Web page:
Continue reading “Beaches, Lighthouses, Rocks and Food!”

Pacific Coast Highway

We left our hotel at 7:48. The day started out great until my bank called. They told me that someone had tried to cash a suspicious check. The check was a very old one I had that was my old address and old name. They had to open us a new checking account. At least, the debit cards were still working. Thank goodness for my bank.

It seems my youngest son let someone stay in our home while we were gone. He was supposed to take care of the house and my dog Alice. I filed a police report but I know nothing will ever come of it. I finally got hold of my son who told me Alice was with him and that he thought he knew who did it. I was not sure what else was stolen until I got home. I believe my son is back on drugs. He wasn’t even at the house while we were gone.

Continue reading “Pacific Coast Highway”

Highway 33 to the Pacific Coast Highway

We left our hotel at 8 but we had to gas up first. The gas is definitely more expensive in California than any where else we have been including Alaska. We also found out that it is cheaper if you pay cash, with a card it was $4.29

Continue reading “Highway 33 to the Pacific Coast Highway”

Heading to the Heat

David had never been to Lake Havasu City, so I figured we were this close he needed to see the London Bridge.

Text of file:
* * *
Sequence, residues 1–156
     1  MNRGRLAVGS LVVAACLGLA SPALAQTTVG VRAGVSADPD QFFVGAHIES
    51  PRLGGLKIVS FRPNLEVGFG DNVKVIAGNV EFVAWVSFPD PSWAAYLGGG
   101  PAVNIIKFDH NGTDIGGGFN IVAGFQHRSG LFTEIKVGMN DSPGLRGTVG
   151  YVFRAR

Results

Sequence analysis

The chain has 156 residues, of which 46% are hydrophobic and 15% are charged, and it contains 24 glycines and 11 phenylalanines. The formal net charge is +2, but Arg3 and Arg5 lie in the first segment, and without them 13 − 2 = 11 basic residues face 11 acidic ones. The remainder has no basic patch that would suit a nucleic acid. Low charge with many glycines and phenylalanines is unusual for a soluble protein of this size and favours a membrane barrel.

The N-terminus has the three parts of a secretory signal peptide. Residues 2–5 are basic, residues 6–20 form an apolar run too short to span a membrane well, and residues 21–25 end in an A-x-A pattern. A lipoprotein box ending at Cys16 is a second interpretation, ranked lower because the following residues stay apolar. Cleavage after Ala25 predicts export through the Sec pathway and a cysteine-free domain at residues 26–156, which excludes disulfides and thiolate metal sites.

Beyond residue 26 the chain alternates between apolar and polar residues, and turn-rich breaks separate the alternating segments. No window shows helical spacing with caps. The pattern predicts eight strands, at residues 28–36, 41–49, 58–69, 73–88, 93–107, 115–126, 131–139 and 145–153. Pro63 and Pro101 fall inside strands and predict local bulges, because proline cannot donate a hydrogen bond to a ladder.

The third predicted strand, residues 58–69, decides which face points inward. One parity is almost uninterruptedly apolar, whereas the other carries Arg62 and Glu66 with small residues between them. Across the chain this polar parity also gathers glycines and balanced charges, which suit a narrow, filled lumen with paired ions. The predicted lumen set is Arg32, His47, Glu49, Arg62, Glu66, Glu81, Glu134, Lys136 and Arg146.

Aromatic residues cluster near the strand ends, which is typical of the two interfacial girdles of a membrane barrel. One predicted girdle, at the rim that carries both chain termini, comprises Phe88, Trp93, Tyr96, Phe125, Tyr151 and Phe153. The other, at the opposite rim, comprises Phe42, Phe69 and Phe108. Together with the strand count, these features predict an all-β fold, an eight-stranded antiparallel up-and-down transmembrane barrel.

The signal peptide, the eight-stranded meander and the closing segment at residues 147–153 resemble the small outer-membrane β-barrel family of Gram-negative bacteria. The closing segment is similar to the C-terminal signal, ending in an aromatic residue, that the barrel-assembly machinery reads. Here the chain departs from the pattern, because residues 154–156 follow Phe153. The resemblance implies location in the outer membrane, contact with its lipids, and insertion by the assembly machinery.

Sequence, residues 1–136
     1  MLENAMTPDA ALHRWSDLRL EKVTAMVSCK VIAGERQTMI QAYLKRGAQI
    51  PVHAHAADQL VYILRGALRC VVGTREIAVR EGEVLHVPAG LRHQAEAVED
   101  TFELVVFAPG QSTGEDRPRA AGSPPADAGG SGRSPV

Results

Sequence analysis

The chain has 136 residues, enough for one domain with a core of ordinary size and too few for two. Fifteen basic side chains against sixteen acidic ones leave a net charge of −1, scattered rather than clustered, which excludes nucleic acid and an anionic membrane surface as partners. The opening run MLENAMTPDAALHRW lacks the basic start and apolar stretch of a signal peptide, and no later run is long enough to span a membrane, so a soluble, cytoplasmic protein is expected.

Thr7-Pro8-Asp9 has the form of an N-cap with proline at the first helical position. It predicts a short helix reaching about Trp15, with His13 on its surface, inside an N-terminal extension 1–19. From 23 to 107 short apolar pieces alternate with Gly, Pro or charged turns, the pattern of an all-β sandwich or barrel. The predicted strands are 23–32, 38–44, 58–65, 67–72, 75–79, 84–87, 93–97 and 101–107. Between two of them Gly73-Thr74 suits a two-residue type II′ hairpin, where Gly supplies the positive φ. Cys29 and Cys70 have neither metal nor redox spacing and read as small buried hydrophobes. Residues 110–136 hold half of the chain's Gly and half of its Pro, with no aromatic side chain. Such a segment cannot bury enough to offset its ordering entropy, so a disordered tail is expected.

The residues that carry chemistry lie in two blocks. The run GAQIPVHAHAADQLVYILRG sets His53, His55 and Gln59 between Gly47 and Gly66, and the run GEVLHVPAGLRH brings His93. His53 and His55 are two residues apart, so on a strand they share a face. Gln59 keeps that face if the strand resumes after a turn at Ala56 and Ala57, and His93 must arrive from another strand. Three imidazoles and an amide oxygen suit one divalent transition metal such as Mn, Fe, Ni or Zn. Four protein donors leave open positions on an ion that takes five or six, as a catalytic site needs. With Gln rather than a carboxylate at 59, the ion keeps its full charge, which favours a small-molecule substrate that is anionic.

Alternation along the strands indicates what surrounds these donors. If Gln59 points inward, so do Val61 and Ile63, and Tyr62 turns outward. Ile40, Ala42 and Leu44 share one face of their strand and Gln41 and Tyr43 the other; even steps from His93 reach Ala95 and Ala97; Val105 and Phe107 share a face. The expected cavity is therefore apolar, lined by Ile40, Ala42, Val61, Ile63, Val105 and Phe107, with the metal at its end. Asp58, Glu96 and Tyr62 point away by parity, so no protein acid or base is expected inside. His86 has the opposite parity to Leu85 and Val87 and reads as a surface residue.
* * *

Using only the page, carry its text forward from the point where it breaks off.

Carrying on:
We left Ajo 10:46 and headed into the heat. We drove through Vicksburg which looked like there was a lot of ranch land. There were tons of feed lots all around. I didn’t expect to go through ranch land.

Continue reading “Heading to the Heat”

Visiting a Good Friend

After leaving Mt Kitt we headed to Ajo, Arizona. I had never been there but our friend, Kat and her son Silas, live there and I always wanted to visit. We had already decided to stop to visit them on our way home.

Continue reading “Visiting a Good Friend”

Gila Cliff Dwellings

We got up the next morning thinking it won’t take long to run up to the cliff dwellings. It was only 38 miles. People were telling us it would take us 2 hours to get there. We are thinking it can’t be any worse than some of our roads. Even my girlfriend, google maps, said it would take us 2 hours. We just thought yea right and took off.

Well people were right. We left Silver City at 8:30am and arrived at the dwelling at 10:15. Yes it was a very windy road but well worth the trip. We saw some deer along the way and crossed the Continental Divide twice today. Once we were 7080 feet and the other one was at 6375 feet both of which were posted so you know when you cross. We also had our ole hippies with us.

It wasn’t too bad of a walk up to the dwellings. I was a little slow because at spots if was a little steep. I wasn’t the only one taking it slow.

This is what Wikipedia has to say about the Gila Cliff Dwellings National Monument.